One of the aspects that need to be considered when determining whether a dismissal for misconduct is unfair or not, is whether the rule or standard that was breached is applied consistently by the employer.
Dismissed employees will often argue that another employee has committed the same misconduct yet was not dismissed.
In Choleta v Trek Engineering (Pty) Ltd 1992 13 ILJ 219 (IC), it was held that it would be unfair to dismiss an employee for an offence which the employer has habitually or frequently condoned in the past. In Cape Town City Council v Mashito (2000) 21 ILJ 1957 (LAC), it was held that it is, in general, unfair to impose different sanctions on employees found guilty of similar misconduct.
To succeed in a challenge for inconsistency, an employee must lay a credible basis for the claim. If such a challenge is not specifically raised, the employer has no general onus to prove that it has treated the employee consistently. Where the employee lays a credible factual basis for a claim of inconsistency, or where it is common cause, that other employees had been treated differently, the onus would be on the employer to provide a plausible explanation.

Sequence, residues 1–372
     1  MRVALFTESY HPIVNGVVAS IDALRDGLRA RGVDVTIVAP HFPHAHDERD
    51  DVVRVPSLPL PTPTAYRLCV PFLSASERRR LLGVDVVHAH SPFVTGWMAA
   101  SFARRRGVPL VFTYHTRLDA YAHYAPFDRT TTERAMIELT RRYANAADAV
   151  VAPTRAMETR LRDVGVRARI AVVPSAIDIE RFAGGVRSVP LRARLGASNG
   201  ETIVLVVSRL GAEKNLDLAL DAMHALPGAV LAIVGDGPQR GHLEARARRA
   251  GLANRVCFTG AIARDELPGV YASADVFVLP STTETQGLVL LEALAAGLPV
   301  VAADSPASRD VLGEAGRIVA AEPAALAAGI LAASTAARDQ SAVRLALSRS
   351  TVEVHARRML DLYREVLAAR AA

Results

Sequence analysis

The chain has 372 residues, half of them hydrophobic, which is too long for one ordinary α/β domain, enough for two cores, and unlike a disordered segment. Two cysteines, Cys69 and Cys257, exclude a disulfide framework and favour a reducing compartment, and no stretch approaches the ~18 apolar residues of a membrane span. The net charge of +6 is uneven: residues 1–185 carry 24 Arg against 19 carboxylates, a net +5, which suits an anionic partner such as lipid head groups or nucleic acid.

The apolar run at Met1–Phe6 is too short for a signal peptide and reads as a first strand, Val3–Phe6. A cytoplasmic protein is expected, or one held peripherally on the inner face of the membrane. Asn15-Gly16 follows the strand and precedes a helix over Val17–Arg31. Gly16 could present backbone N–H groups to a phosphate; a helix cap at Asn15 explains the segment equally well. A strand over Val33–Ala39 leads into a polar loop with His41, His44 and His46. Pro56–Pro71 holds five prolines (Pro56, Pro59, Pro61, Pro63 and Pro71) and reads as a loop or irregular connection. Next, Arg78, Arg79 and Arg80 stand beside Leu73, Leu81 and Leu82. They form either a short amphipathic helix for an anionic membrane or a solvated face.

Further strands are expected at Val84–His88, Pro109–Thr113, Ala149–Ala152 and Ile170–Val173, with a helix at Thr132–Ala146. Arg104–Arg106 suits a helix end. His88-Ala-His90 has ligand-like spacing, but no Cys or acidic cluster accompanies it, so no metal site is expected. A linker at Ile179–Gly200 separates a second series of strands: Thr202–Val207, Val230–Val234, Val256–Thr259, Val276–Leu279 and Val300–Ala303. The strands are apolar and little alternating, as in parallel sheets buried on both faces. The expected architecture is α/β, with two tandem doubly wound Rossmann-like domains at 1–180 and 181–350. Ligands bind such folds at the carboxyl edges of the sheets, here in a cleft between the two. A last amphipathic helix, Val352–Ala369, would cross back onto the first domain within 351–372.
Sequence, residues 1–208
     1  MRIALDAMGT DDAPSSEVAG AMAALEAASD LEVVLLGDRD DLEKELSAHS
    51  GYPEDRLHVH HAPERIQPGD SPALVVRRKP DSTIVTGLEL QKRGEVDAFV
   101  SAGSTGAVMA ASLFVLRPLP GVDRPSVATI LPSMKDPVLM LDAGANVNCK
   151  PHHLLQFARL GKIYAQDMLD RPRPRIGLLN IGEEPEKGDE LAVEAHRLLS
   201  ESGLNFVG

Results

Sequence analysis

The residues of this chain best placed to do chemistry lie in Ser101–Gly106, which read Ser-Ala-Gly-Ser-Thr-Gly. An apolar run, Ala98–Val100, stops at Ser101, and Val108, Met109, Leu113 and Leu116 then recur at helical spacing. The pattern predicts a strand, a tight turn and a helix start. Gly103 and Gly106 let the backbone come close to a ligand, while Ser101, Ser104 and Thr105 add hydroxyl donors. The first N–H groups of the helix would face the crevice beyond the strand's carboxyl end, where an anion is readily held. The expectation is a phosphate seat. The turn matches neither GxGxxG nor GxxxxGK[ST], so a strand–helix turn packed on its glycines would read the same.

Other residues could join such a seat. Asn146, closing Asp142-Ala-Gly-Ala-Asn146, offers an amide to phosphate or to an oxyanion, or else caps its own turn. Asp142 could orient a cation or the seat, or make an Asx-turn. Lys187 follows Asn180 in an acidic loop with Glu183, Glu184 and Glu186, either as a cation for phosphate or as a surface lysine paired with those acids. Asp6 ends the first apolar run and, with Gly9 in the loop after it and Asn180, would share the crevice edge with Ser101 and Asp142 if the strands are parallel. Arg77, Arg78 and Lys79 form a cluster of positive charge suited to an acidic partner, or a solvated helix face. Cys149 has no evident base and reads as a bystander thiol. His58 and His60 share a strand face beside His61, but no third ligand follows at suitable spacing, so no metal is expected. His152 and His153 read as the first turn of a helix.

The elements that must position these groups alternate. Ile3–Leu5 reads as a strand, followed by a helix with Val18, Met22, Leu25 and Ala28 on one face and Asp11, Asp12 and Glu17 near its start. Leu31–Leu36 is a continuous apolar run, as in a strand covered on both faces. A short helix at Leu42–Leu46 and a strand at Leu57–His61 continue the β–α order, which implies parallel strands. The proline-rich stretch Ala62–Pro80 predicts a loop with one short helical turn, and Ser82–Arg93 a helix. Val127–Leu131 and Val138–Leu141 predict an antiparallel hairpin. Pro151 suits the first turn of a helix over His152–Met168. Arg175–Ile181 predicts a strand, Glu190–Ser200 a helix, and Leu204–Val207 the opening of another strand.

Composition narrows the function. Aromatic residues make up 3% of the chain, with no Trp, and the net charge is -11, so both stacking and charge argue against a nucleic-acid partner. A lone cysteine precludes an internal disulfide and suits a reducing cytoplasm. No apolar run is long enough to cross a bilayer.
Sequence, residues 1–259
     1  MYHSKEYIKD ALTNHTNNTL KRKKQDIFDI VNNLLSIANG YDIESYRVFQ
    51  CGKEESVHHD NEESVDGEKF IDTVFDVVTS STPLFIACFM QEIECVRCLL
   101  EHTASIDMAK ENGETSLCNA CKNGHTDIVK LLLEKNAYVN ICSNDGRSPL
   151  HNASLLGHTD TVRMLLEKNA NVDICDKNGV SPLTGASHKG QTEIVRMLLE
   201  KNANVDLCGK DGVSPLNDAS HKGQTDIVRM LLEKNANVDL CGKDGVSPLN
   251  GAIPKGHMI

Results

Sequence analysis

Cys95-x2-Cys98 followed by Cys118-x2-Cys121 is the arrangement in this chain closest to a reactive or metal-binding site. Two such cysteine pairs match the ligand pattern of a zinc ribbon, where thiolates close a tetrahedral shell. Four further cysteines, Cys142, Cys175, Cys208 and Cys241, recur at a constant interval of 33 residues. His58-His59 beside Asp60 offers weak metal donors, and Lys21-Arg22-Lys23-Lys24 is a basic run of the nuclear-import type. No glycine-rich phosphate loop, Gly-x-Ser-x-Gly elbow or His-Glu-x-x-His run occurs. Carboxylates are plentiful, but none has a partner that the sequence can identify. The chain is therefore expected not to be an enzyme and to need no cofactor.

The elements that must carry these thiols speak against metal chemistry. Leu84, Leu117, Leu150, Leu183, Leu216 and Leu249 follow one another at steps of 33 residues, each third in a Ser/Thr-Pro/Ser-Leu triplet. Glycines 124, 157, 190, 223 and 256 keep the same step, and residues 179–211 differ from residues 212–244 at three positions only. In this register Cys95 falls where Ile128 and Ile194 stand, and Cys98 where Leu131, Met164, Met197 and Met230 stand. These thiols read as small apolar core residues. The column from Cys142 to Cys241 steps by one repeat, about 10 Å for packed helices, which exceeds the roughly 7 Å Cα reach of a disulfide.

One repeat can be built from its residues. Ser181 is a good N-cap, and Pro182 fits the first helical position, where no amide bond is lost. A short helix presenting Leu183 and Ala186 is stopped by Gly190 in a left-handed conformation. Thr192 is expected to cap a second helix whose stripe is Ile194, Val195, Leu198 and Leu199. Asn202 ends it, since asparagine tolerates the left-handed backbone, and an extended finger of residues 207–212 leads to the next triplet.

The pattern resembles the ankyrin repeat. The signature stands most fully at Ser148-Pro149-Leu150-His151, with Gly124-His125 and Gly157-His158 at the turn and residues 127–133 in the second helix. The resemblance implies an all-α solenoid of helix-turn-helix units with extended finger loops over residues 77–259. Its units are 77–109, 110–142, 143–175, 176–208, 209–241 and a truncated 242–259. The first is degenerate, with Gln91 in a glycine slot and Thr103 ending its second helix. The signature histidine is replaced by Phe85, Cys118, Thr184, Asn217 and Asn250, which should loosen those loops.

Once an applicant has laid this basis, the employer party will have to present evidence as to why the applicant’s case cannot be compared to the circumstances of another employee.
In Southern Sun Hotel Interest (Pty) Ltd v CCMA and Others (2009) 11 BLLR 1128 (LC), the court held that an inconsistency claim would fail where the employer is able to differentiate between employees who committed similar transgressions of inter alia, differences in personal circumstances, the severity of the misconduct or on the basis of other material factors.
The employer may also lead evidence that it was not aware that the employee / the applicant is comparing him/herself to committed misconduct and therefore could not have disciplined that employee.
Article by: Ruaan Heunis
Dispute Resolution Official – East London